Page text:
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Do you need e-scooter insurance?

E-scooters are becoming a popular sight across UK towns and cities, proving to be a convenient and environmentally-friendly way to travel. However, there has been much confusion about the legalities surrounding e-scooters and whether insurance is required.

    Legal Requirements for E-scooters

    Many people are unaware of the legal requirements attached to using e-scooters. You must hold a valid driving licence to use one that includes the category Q entitlement. A full or provisional UK licence for categories AM, A or B includes entitlement for category Q and enables you to use an e-scooter.

    If you hold an overseas driving licence, you can use an e-scooter in the UK if you hold a valid full licence from an EU or European Economic Area (EEA) country, or have a valid full licence from another country that entitles you to drive a small vehicle (such as cars, mopeds, or motorcycles) and you entered the UK within the last 12 months.

    Using a private e-scooter

    It is currently illegal to use a private scooter on public roads, pavements, footpaths or in cycle lanes. If you use an e-scooter illegally you could receive a fine, points on your licence and the e-scooter could be impounded.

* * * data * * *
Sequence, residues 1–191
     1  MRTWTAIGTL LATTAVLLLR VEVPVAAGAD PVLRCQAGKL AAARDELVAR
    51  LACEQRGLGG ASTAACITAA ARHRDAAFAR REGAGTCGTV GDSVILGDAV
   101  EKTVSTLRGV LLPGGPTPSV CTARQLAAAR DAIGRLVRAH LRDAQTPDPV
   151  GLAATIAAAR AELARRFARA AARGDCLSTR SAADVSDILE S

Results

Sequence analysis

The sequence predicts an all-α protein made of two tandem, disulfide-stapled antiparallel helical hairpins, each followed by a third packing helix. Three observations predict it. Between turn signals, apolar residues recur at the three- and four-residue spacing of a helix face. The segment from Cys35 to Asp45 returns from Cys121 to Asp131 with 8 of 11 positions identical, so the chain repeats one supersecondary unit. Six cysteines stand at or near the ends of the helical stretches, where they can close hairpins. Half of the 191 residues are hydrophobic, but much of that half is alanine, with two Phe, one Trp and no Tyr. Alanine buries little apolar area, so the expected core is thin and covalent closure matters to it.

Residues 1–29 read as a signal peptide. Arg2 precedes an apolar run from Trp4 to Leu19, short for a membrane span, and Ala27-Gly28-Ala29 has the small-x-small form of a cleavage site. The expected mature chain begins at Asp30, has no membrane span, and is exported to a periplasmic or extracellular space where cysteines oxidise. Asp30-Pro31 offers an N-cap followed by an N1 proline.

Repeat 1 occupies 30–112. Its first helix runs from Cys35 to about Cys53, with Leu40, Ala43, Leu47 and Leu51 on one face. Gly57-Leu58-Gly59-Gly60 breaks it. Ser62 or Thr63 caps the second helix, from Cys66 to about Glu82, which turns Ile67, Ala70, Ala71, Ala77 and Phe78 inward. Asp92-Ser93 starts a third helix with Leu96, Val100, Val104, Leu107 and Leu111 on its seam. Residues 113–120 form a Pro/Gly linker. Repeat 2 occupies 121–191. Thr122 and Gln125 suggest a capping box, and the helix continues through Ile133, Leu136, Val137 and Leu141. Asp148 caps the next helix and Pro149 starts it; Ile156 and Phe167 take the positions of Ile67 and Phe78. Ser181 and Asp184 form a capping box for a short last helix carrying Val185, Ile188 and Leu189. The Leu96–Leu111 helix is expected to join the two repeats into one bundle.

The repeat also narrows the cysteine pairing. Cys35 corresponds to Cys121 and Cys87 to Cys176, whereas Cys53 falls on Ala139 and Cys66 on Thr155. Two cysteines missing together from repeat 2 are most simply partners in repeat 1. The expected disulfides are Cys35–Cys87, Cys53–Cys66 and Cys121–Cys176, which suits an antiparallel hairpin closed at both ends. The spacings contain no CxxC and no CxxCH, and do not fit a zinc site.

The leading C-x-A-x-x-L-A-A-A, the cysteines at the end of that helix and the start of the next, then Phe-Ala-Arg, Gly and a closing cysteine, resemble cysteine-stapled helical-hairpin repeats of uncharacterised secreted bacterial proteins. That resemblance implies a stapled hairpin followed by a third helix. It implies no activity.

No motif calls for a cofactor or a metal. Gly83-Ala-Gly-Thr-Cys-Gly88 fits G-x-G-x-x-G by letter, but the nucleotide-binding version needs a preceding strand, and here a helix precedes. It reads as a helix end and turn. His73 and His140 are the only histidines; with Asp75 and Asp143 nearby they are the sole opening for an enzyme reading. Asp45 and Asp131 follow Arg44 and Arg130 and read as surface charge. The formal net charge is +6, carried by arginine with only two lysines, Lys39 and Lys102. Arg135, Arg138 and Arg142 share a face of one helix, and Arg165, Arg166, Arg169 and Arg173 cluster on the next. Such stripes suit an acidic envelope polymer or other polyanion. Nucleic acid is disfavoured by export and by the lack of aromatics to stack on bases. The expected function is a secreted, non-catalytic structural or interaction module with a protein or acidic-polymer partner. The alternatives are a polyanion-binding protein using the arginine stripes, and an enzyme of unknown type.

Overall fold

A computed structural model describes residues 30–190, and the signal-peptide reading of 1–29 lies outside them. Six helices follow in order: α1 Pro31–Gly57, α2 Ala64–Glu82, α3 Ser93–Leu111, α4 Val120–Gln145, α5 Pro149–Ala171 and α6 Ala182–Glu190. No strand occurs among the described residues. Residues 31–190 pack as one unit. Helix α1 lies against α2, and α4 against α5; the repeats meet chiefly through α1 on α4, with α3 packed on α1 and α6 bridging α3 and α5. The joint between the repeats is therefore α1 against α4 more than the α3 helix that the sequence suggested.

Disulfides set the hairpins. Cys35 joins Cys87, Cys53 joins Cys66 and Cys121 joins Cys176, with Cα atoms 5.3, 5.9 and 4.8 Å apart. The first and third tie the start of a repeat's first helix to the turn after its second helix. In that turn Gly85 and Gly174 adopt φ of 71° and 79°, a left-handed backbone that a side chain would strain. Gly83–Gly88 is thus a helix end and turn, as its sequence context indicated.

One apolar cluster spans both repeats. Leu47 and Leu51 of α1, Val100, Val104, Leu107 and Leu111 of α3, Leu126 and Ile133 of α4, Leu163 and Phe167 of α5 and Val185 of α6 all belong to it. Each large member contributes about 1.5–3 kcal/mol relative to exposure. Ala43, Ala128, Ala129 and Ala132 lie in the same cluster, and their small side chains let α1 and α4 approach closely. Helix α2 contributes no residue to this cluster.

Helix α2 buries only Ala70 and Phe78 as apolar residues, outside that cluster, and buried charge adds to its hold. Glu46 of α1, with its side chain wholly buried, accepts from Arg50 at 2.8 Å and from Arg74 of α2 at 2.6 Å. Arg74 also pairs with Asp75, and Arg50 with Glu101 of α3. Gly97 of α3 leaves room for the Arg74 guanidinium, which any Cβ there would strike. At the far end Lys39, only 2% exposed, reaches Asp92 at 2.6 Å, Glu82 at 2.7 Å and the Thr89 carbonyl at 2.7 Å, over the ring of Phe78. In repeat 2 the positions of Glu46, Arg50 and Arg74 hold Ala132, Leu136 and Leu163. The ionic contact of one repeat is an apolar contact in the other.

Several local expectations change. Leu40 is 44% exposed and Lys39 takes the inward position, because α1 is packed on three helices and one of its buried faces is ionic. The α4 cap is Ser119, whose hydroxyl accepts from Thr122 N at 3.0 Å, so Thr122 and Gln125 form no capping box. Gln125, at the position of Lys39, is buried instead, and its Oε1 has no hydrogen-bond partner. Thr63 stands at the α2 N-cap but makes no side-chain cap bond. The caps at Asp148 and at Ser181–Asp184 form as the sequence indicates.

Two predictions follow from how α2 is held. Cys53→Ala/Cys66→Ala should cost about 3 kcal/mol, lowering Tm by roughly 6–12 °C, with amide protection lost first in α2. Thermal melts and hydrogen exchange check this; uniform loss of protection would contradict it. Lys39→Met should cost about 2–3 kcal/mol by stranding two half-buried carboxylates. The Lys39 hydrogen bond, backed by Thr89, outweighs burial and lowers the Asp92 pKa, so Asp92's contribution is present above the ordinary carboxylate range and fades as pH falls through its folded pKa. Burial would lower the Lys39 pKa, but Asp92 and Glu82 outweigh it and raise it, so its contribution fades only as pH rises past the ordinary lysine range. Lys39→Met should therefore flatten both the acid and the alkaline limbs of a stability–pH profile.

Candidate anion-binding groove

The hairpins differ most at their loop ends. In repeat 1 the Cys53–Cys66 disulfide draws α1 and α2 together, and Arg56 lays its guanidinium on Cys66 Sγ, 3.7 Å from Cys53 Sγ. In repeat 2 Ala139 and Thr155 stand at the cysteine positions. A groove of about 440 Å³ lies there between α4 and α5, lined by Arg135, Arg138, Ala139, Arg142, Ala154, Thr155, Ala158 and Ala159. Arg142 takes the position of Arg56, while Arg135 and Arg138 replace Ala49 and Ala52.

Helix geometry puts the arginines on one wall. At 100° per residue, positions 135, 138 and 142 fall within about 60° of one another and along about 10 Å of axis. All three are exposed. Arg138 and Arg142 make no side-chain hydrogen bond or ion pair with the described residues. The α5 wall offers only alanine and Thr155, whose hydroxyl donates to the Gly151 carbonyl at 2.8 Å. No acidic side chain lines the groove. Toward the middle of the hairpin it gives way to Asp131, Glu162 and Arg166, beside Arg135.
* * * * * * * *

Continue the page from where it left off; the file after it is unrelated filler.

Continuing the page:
However, these rules are currently being reviewed and many believe that using private e-scooters on public roads and pavements could soon become legal. The changes were originally due in 2022 following the Queen’s Speech in May and the unveiling of a new Transport Bill. This has now been postponed until late 2023 or even into 2024 depending on parliamentary availability.

    Should I insure my electric scooter?

    There is most definitely a need to insure electric scooters as proven by the published accident figures from the government showing that there has been a rise in the number of reported road casualties involving e-scooters. In 2020 there were 460 accidents involving e-scooters, 484 casualties in accidents involving e-scooters, of which 384 were e-scooter users, and of the 484 casualties one person was killed.

    However, as mentioned above, it’s not yet legal to drive private e-scooters in public places so it’s not possible to obtain insurance. Once it does become legal though, insurance will most definitely be required. Electric scooters are classed as a personal light electric vehicle (PLEV) so they will need to be insured just like any other vehicle to cover you for accidents, damages or thefts.

    If you are riding an e-scooter that is part of an official trial, then insurance is already provided through the scheme so you don’t need to worry.

    Once e-scooters are legalised we expect insurers to react quickly, bringing new products to the market designed specifically for e-scooters.

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